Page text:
Group Identity and Gender in Public Goods Experiments
AbstractThis paper explores the effects of group identity and gender in a public goods experiment. We compare the behavior of participants who can be expected to have a pre-existing sense of group identity to that of randomly selected participants, and to that of participants who have undertaken community-building pre-experiment activities. While statistically significant differences were observed, our results suggest that the effects of group identity and gender on behavior are complicated, involving the nature of the groups involved. In particular, the claim that women are less likely to free-ride on others with whom they have a relationship is not supported.
Download InfoTo our knowledge, this item is not available for download. To find whether it is available, there are three options:
1. Check below under "Related research" whether another version of this item is available online.
2. Check on the provider's web page whether it is in fact available.
3. Perform a search for a similarly titled item that would be available.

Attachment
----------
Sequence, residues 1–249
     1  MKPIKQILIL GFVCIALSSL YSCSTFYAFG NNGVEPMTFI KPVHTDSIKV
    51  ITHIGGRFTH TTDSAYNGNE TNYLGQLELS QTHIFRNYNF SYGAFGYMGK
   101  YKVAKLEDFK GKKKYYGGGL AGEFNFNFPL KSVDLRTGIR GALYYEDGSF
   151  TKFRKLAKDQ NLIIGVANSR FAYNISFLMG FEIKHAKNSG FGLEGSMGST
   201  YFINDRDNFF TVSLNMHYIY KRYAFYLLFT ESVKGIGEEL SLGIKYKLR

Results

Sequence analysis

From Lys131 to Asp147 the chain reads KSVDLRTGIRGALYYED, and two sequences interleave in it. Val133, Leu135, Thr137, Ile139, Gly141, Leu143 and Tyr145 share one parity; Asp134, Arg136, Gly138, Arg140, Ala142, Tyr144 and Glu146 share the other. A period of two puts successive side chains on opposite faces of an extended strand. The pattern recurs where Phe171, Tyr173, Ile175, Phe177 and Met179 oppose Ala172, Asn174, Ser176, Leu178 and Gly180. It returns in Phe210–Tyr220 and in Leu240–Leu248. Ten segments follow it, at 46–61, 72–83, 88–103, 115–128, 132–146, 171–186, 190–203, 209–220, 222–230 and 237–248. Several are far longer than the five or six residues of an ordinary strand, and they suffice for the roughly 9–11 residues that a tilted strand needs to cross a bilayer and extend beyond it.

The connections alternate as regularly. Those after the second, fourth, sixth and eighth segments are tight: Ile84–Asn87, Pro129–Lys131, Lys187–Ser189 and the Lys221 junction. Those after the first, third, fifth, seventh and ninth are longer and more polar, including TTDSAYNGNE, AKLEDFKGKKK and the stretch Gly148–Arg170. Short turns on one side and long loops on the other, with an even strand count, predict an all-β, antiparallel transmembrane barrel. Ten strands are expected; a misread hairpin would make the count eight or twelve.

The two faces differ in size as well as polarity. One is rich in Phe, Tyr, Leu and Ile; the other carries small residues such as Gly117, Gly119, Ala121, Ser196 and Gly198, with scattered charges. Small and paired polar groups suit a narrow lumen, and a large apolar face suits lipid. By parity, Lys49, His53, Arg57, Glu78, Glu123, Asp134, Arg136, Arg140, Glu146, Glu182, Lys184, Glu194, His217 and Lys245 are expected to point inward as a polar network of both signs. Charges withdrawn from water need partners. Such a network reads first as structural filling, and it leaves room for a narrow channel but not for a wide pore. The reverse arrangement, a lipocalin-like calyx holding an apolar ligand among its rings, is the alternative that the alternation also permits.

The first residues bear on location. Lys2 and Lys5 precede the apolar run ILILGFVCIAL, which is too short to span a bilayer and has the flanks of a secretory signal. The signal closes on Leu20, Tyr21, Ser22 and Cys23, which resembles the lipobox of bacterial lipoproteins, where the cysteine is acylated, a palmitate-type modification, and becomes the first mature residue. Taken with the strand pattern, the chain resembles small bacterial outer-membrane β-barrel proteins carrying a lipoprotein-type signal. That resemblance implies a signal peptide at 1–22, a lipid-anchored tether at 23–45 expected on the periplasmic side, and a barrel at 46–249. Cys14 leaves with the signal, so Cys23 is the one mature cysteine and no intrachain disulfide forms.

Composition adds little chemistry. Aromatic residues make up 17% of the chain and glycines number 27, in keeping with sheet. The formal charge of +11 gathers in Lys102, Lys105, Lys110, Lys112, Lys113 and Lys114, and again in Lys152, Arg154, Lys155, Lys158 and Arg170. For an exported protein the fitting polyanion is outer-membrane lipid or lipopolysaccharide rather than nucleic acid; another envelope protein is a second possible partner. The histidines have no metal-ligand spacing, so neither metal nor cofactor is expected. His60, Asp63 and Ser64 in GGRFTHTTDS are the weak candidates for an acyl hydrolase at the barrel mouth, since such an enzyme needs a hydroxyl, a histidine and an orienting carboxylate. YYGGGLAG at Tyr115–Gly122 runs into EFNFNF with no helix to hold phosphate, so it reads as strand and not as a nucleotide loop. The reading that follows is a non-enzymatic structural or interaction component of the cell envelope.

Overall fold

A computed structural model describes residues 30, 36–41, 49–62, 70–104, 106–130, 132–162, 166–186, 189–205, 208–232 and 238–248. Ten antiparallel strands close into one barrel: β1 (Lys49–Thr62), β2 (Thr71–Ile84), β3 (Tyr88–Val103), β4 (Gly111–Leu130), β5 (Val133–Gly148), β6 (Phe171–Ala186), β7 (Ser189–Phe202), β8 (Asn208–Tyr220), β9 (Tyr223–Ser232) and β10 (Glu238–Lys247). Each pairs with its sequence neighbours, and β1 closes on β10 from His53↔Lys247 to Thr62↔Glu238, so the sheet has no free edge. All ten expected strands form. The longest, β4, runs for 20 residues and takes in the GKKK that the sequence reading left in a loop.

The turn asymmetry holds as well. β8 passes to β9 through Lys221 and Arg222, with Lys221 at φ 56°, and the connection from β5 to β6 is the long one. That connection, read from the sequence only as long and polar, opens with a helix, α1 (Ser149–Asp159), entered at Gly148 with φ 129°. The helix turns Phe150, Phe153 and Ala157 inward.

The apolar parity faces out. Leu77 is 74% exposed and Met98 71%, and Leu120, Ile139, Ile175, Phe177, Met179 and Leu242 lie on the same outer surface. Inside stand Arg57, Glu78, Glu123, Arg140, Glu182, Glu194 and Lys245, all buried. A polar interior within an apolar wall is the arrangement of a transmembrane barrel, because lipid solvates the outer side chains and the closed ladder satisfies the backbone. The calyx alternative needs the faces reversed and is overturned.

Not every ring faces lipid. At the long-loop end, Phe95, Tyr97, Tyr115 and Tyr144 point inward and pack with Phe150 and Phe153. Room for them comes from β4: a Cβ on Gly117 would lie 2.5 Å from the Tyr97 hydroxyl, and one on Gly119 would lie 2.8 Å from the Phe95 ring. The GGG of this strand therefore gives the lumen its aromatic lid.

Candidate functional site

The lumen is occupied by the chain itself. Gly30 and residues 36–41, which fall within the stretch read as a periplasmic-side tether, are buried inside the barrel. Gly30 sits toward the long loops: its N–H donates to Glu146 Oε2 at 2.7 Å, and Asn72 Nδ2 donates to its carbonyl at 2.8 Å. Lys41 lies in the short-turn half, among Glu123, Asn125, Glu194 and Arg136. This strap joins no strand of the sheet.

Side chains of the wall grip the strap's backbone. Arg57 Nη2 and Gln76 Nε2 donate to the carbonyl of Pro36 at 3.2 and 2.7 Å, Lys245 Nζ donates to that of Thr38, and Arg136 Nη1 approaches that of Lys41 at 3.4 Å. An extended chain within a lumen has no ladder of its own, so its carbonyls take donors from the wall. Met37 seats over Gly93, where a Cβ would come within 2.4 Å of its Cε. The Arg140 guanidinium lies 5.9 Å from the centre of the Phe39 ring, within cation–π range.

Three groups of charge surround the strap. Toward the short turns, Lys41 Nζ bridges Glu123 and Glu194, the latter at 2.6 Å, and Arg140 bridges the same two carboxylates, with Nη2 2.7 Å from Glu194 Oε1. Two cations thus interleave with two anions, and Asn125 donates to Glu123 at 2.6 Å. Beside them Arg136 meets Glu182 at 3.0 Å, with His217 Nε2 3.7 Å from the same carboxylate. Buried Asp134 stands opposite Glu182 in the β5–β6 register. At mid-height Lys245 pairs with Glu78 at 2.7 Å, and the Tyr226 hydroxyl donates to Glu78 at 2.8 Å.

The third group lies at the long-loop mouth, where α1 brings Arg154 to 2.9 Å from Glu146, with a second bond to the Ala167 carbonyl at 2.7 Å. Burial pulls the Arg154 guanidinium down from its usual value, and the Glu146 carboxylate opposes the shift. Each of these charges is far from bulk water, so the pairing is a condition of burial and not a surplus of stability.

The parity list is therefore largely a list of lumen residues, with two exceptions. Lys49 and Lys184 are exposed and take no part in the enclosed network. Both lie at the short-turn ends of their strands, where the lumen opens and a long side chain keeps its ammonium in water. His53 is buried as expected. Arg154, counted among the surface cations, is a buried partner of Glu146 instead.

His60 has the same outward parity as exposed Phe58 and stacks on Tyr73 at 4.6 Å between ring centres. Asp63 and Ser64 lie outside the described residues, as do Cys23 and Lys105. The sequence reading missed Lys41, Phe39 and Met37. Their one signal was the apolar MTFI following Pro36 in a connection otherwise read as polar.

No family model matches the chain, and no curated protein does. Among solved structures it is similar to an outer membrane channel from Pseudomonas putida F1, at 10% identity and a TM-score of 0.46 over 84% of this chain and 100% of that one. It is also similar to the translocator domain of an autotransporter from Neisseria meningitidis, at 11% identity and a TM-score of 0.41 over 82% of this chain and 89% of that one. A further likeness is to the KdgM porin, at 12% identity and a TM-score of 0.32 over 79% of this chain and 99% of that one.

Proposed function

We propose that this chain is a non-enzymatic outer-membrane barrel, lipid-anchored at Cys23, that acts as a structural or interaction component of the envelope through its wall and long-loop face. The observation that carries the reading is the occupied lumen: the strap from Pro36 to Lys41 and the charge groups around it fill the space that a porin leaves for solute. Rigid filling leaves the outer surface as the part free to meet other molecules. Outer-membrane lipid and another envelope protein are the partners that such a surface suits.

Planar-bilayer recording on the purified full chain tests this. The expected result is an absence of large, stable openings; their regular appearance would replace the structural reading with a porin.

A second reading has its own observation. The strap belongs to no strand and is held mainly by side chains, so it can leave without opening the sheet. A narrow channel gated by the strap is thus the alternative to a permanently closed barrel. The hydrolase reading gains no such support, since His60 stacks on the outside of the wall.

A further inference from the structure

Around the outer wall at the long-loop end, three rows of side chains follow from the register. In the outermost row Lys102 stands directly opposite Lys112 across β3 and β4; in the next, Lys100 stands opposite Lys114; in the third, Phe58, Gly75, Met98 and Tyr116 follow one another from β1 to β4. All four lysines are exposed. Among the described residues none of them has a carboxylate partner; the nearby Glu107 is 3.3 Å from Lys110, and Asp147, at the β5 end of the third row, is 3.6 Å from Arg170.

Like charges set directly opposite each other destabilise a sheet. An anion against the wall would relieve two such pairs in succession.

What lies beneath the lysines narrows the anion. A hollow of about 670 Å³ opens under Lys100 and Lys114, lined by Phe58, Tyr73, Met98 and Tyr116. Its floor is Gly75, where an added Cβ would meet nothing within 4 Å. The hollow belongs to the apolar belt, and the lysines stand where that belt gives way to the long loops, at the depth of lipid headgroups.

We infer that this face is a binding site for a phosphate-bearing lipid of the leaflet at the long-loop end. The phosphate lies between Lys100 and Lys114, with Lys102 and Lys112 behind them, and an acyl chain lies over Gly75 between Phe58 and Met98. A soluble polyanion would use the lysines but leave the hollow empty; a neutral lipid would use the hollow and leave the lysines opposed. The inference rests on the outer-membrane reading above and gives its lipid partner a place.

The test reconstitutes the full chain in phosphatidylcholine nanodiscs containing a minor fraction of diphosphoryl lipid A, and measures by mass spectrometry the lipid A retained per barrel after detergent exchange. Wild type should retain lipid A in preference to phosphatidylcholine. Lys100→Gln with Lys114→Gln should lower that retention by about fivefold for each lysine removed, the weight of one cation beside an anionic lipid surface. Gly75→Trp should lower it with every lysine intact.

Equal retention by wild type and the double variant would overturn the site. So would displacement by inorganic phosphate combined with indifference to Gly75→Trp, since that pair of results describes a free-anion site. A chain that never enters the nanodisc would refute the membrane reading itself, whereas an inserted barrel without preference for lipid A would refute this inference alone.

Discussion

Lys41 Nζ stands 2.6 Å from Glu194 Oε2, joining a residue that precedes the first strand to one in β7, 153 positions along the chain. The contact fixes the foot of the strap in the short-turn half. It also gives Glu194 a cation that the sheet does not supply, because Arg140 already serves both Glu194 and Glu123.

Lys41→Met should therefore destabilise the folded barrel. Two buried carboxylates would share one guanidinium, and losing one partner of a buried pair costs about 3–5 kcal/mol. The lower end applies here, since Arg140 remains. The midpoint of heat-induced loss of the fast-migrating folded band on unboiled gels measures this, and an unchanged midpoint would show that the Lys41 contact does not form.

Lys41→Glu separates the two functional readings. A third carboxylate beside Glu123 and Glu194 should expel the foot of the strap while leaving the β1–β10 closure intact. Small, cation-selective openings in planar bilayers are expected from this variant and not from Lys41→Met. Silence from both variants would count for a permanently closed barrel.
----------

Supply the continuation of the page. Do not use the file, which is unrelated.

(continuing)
Bibliographic InfoPaper provided by University of Iowa, Department of Economics in its series Working Papers with number 00-03.
Length: 19 pages
Date of creation: Jun 2000
Date of revision:
Contact details of provider:
Postal: University of Iowa, Department of Economics, Henry B. Tippie College of Business, Iowa City, Iowa 52242
Phone: (319) 335-0829
Fax: (319) 335-1956
Web page: http://tippie.uiowa.edu/economics/
More information through EDIRC
Public Goods; Gender; Group Identity; Experiments;
Find related papers by JEL classification:
- H41 - Public Economics - - Publicly Provided Goods - - - Public Goods
- J16 - Labor and Demographic Economics - - Demographic Economics - - - Economics of Gender; Non-labor Discrimination
- C91 - Mathematical and Quantitative Methods - - Design of Experiments - - - Laboratory, Individual Behavior
You can help add them by filling out this form.
For technical questions regarding this item, or to correct its authors, title, abstract, bibliographic or download information, contact: (John Solow).
If references are entirely missing, you can add them using this form.